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1943: Death and Resistance
 pg. 502 
Rabbi Stephen S. Wise (left) converses with U.S. Representative Sol Bloom of New York during a hearing of the House Foreign Relations Committee. Wise's tireless efforts on behalf of European Jewry brought little relief for his persecuted brethren. At this December 1943 hearing, Rabbi Wise reiterated a six-point program that he had introduced eight months earlier at the Bermuda Conference. Those points called upon Britain to open Palestine to Jewish immigration. British opposition prevented the idea from ever being seriously considered.
Photo: AP / Wide World Photo
The SS staff of the Neuengamme, Germany, concentration camp celebrates Christmas with their families in what is believed to be 1943 or '44. The war and the "Final Solution" did not prevent the camp staff from taking time from their duties to share the spirit of the season. Throughout the war, the SS strove to maintain normal routines for camp guards and their families.
Photo: KZ-Gedenkstņtte Neuengamme / United States Holocaust Memorial Museum Photo Archive
Partisan Life

During the Second World War, tens of thousands of men and women joined partisan forces that operated primarily in Eastern Europe and the Balkans. Whether they operated alone, teamed with family members, or belonged to secular nationalist units, partisan fighters lived a precarious and dangerous existence.

Many partisans based themselves in the forested regions of Eastern Europe, surviving on captured and foraged food. The need to avoid detection prevented them from building permanent structures. They sheltered in dugouts or slept under the cover of branches and leaves. The long winter nights were especially brutal, for fires were a luxury that clandestine partisan fighters could not afford.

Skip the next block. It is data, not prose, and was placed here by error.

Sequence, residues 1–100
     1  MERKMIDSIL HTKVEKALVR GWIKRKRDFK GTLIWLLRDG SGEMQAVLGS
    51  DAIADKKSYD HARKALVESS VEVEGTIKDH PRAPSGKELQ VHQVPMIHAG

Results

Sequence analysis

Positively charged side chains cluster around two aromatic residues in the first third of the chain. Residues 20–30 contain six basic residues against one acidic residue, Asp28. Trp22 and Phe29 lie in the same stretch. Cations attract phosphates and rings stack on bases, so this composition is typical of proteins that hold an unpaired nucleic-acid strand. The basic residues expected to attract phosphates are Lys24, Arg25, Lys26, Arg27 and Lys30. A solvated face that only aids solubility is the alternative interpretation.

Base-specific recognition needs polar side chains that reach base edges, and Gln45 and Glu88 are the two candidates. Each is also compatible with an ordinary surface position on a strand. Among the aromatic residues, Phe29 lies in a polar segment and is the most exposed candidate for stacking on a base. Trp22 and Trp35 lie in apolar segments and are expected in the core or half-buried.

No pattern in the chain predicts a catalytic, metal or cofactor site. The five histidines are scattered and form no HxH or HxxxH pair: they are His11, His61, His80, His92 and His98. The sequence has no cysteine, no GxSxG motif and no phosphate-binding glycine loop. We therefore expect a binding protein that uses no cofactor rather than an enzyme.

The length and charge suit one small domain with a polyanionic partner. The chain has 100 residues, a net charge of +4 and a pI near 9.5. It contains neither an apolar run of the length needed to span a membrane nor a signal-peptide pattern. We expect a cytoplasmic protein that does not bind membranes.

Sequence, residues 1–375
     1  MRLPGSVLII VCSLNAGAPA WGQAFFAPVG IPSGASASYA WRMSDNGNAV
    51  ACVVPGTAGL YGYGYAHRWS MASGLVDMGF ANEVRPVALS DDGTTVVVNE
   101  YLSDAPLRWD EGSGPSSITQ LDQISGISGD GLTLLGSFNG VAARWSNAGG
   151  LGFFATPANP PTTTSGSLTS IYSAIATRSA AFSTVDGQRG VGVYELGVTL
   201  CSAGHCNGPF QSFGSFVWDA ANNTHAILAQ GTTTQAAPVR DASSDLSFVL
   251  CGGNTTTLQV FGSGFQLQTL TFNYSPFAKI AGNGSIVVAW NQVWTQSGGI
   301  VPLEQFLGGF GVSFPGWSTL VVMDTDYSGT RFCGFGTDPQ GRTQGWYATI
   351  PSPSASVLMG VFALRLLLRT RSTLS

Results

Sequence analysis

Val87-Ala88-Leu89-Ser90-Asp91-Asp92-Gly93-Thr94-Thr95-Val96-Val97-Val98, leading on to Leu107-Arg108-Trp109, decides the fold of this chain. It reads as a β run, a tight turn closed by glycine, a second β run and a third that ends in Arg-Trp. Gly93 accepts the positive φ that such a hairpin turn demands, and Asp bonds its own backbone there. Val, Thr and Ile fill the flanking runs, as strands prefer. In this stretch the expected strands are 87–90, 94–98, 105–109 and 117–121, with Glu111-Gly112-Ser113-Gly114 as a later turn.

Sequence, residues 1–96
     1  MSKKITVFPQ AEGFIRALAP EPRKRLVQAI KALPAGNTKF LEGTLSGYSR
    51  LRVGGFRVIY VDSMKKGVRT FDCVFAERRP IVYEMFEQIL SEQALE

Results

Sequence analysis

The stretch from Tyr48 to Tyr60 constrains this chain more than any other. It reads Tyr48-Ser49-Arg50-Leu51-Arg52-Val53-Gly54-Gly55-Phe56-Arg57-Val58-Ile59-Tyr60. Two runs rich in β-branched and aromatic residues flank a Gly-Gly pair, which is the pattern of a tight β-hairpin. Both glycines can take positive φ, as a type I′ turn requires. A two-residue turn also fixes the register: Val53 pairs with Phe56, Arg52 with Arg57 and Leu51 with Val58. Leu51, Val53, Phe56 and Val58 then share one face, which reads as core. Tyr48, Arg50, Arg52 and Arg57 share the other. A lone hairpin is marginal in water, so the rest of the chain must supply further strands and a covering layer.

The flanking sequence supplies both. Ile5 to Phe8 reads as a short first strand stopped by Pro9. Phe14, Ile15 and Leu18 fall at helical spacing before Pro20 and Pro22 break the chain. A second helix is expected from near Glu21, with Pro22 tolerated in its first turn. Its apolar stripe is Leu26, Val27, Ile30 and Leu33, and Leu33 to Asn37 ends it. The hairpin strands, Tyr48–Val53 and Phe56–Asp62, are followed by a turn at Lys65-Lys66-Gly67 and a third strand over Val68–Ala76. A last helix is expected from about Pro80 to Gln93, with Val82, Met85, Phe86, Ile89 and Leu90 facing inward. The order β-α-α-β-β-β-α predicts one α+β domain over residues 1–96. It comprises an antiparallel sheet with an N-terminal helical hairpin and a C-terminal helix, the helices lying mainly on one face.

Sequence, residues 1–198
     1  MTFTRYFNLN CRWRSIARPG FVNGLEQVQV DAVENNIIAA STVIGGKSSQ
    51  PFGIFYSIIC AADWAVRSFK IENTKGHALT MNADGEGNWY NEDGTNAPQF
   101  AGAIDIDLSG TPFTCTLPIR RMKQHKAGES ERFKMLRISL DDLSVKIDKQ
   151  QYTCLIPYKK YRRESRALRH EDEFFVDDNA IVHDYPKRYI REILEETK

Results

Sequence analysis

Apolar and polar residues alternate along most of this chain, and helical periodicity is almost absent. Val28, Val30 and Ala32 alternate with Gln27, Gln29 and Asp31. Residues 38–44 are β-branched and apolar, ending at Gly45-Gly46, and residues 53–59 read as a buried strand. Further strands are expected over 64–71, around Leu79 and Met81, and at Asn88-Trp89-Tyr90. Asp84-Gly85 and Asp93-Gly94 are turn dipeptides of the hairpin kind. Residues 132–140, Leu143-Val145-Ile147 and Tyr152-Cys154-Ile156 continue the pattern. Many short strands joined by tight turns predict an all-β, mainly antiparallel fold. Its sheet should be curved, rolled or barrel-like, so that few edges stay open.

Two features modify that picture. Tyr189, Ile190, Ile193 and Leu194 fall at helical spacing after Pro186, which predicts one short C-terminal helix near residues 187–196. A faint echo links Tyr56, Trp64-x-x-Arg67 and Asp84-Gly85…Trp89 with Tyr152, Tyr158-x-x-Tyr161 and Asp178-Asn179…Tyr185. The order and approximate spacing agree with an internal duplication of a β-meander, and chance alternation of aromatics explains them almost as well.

Partisan life differed for Jews and gentiles. Whereas gentile partisans could vanish from the scene by seeking shelter from local residents, very few Eastern Europeans willingly sheltered and fed Jewish partisans. Having escaped life in a ghetto to become a partisan, Jews had no neutral area where they could live unmolested by the Nazi authorities. Jewish partisans were hunted by the Nazis and often hated by the local inhabitants.
Photo: Jerzy Tomaszewski / United States Holocaust Memorial Museum Photo Archive

 December 22, 1943: The Gestapo discovers 62 Jews hiding in a cellar of a building on Krolewska Street in Warsaw. All are murdered.
 December 22, 1943: United States Secretary of the Treasury Henry Morgenthau confronts U.S. Assistant Secretary of State Breckinridge Long, telling him to his face that "the impression is all around that you, particularly, are antisemitic!"
 December 23, 1943: The Jewish community at Pinsk, Poland, is liquidated.
 December 23, 1943: U.S. Secretary of the Treasury Henry Morgenthau is informed by his staff that, "when you get through with it, the [State Department's] attitude to date is no different from Hitler's attitude."
1943: Death and Resistance
 pg. 502 
The Holocaust Chronicle
© 2009 Publications International, Ltd.